AN: The affinity-based systems are based on binding antibody-coated magnetic beads to the CTCs. These systems fail to capture the clinically significant EMTing and mesenchymal CTCs as they do not express the cell surface markers targeted by the antibodies. In addition, the antibody capture process kills the cells negating the ability to culture the CTCs and potentially changing the RNA and protein expression of the cells.
AM: Parsortix was used in a recent study that investigated the causes of brain metastasis in NSCLC patients. Can you tell us more about the study and the significance of the findings?
AN: Brain metastasis is where the primary cancer has spread to the brain. Treatment is difficult because it is not known how the cancer is developing in the brain and a surgical tissue biopsy to investigate this is too dangerous. It had been thought not to be possible to harvest CTCs from brain metastasis due to the blood-brain barrier. However University of Hamburg-Eppendorf demonstrated that this was possible using the Parsortix system.
AM: ANGLE has recently applied for FDA clearance for Parsortix, for use in metastatic breast cancer. If approved, what difference could this make to patients and clinicians?
AN: This would be the first ever FDA cleared platform for harvesting CTCs from patient blood for subsequent analysis. It would open up a whole range of possible diagnostic uses to tailor treatment for metastatic breast cancer patients, that can be validated with additional clinical studies. Despite being recommended in the US National Cancer Guidelines, 50% of MBC patients are too sick, the tumor too inaccessible or insufficient tissue is available for a successful tissue biopsy of the metastatic site. For these patients there is no current information on the cancer to guide treatment. A liquid biopsy would open up alternatives for these patients based on a simple blood test.
All MBC patients would benefit from the potential to have repeat biopsies using the Parsortix system to tailor their treatment more effectively. The liquid biopsies can be used to determine whether a drug is being effective, to select which drugs would be effective and to monitor patients in remission to determine, in advance, whether there are signs indicating a risk of relapse. Such early detection may allow treatment to reduce relapse.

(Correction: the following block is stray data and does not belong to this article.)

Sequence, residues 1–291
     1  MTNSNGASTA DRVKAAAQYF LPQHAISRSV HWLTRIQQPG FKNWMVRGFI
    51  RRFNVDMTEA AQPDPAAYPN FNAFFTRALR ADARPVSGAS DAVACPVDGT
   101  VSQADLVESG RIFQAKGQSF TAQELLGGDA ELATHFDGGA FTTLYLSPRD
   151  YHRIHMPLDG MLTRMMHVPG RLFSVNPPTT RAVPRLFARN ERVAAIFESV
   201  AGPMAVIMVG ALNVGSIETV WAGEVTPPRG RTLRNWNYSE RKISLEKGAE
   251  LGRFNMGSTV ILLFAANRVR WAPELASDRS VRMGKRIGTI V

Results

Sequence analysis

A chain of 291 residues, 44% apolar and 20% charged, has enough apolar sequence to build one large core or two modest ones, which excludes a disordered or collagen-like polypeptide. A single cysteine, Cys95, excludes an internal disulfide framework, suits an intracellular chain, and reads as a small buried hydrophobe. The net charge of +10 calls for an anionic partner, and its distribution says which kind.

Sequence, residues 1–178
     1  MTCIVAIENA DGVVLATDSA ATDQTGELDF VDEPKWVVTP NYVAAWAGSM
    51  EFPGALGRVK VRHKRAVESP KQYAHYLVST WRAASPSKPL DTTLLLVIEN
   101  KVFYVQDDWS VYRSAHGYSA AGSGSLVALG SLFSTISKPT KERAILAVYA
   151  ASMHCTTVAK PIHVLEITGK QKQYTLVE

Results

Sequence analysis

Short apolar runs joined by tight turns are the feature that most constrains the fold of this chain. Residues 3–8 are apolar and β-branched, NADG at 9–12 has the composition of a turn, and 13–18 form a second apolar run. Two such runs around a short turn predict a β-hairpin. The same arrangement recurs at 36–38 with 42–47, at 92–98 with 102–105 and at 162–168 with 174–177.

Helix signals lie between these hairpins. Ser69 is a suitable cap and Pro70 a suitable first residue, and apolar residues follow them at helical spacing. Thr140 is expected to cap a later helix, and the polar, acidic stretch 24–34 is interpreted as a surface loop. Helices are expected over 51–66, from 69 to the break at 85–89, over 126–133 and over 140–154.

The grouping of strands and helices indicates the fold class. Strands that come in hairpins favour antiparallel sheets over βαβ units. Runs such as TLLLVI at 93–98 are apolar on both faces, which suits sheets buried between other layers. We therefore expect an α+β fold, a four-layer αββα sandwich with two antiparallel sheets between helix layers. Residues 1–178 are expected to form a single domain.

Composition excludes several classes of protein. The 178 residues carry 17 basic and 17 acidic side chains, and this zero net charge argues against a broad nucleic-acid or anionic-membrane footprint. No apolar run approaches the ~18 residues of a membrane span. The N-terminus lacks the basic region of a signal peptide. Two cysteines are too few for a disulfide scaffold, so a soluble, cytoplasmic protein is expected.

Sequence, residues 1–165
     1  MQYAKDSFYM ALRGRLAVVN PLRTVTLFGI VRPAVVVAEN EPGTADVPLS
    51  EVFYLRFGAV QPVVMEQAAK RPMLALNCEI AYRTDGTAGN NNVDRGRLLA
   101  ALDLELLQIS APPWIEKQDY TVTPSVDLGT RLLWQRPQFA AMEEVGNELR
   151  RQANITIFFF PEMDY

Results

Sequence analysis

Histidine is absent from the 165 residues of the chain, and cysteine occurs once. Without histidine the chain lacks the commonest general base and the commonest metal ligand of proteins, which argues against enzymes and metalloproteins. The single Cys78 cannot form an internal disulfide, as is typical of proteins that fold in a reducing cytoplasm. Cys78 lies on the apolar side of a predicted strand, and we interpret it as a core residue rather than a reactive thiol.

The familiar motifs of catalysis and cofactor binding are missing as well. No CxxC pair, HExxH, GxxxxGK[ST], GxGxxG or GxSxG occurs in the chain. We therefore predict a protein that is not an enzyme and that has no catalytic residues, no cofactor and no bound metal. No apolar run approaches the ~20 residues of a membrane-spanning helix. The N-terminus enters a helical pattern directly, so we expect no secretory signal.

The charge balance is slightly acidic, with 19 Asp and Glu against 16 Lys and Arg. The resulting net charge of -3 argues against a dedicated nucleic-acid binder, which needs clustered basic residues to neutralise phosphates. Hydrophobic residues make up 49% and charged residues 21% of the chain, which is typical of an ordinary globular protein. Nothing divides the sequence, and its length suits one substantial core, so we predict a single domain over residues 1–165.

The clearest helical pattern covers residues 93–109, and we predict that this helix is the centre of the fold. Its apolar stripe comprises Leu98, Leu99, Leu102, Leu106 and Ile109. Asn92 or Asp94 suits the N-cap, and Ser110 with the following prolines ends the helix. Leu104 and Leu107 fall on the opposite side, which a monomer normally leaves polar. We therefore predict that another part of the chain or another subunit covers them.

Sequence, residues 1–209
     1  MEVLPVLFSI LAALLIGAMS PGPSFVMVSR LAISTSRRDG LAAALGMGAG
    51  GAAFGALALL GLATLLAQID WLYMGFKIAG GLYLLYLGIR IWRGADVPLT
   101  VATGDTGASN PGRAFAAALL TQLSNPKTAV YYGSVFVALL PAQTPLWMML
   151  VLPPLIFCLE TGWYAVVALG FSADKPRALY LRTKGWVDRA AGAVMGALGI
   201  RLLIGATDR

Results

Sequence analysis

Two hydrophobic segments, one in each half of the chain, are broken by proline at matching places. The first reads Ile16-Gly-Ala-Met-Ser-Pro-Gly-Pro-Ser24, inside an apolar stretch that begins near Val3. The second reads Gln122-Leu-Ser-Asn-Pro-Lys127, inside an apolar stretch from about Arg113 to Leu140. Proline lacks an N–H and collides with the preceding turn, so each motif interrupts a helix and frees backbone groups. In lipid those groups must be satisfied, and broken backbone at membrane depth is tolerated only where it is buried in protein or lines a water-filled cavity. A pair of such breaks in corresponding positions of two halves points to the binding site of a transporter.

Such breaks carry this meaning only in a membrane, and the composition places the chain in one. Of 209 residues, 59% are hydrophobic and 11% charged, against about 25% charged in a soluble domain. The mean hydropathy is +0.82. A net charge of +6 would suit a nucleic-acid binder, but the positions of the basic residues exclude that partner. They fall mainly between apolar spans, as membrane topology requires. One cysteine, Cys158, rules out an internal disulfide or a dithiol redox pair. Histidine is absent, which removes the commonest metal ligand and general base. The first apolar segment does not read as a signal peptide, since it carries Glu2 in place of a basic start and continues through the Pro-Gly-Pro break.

AM: What value can the characterization of CTCs bring to clinical trials?
AN: Analysis of CTCs in clinical trials for new drugs, may allow the identification of likely patient responders so that drugs can be targeted. CTCs enable DNA, RNA and protein analysis providing a more complete picture of the cancer than DNA analysis alone. CTCs may also reduce the time and costs of drug trials by providing early information on drug effectiveness as well as enabling faster enrolment. Liquid biopsies allow serial monitoring of patients over different time periods, which is not possible with tissue biopsies as these cannot be repeated. This longitudinal monitoring may provide more accurate and more timely information of the performance of the drug facilitating clinical trials.
AM: In what areas do you envisage liquid biopsies are likely to make the most impact? Will there still be a place for surgical biopsies?
AN: The Parsortix liquid biopsy is intended to be additive to surgical tissue biopsies. Tissue biopsies are the current gold standard and will likely continue where the tissue is accessible and the procedure not overly invasive. There is no expectation that liquid biopsy will replace tissue biopsy. Liquid biopsies will be used for repeat biopsies, which is not possible with a tissue biopsy (you cannot cut out the same tissue twice), to provide up-to-date information and where the tissue is inaccessible and/or the biopsy is overly invasive (such as brain metastasis).
Andrew Newland was speaking to Anna MacDonald, Science Writer, Technology Networks.